reflection.  :-)
23:06 <+iant> we could define equality on struct types but it hasn't really
gotten to the top of the list
23:07 < Kirill> iant: it's not defined currently?  it isn't possible to have
struct types as keys for maps/
23:07 < Kirill> ?
23:07 <+iant> right
23:07 < Kirill> maybe I'm not being clear enough.  the idea is -- yes, I can
figure out a way around Go's problems.  but that's not good enough, because
instead I can just use C, where the majority of time is spent "working around"
things that C doesn't have.
23:08 < Kirill> I'm not trying to troll or anything.  I'm geniuinely trying
to understand the point of writing a new language that (among other things) has
fast compile times at the expense of not having fairly common features...  like
copying objects.
23:10 < KirkMcDonald> "Copy" is such a vague word.  :-)
23:11 < Kirill> KirkMcDonald: not in C++, for example =)
23:11 < KirkMcDonald> Well, in C++ you've got both copy assignment and copy
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23:13 < Kirill> iant: also, what about making external type method
"extensions" visible only in the package where they are defined?
23:13 < Kirill> iant: that is, my "IsEmpty" for string would only be visible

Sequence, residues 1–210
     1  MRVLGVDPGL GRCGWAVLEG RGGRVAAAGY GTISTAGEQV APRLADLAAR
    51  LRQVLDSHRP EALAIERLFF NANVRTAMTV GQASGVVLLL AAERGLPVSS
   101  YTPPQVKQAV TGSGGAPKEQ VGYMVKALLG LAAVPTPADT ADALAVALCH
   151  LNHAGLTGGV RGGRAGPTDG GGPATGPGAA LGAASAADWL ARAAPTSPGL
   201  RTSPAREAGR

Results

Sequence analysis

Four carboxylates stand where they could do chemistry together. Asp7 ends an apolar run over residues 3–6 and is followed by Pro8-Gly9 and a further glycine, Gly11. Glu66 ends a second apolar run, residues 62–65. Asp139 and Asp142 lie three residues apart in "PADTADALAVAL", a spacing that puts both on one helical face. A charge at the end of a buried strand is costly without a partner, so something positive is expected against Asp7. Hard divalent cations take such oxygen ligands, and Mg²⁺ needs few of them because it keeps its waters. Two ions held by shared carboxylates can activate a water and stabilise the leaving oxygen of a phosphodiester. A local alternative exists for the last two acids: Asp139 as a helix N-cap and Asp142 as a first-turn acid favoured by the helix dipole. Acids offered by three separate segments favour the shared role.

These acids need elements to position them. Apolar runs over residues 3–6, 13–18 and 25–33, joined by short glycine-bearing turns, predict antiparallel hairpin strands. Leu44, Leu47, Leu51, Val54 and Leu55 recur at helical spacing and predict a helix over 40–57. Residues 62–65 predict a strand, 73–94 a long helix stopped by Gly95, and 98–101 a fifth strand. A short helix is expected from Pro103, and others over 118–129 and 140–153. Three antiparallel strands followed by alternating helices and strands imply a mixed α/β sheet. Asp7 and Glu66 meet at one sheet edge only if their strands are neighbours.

in the package where I wrote it
23:14 < Kirill> iant: also, are the "committe" discussions publicly
accessible somewhere?
23:15 < Kirill> iant: still there?
23:18 <+iant> Making the extensions only visible in the package doesn't work
if they get assigned to an empty interface value and then passed to a different
package which uses a type assertion to convert to another interface value
23:19 <+iant> at that point you have to know which methods the type has
23:19 <+iant> discussions are not publically available and are generally not
written down in any case
23:19 <+iant> we will eventually come up with a generics proposal
23:19 <+iant> thought right now everybody is trying to get through Google
I/O next week
23:19 <+iant> the proposal will be sent out for comments
23:20 < KirkMcDonald> Just generics?  Or full-bore template metaprogramming?
23:20 <+iant> that is another one of the tradeoffs
23:20 <+iant> By the way, the valid types for a map key are listed in the
23:20 < Kirill> another way would be to introduce hygienic macros into the
23:21 < Kirill> this way I could implement my "IsEmpty" as a macro and be
done with it.
23:22 < Kirill> but in this context I guess they would be equivalent to
turing-complete "generics", so you're still stuck with either doing it (slowly,
potentially) at compile time, or even slower at runtime
23:22 <+iant> yeah, you get into area like LISP macros
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23:35 < jlouis> Heh, so the commit slowdown is due to Google I/O ?
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--- Log closed Thu May 13 00:00:30 2010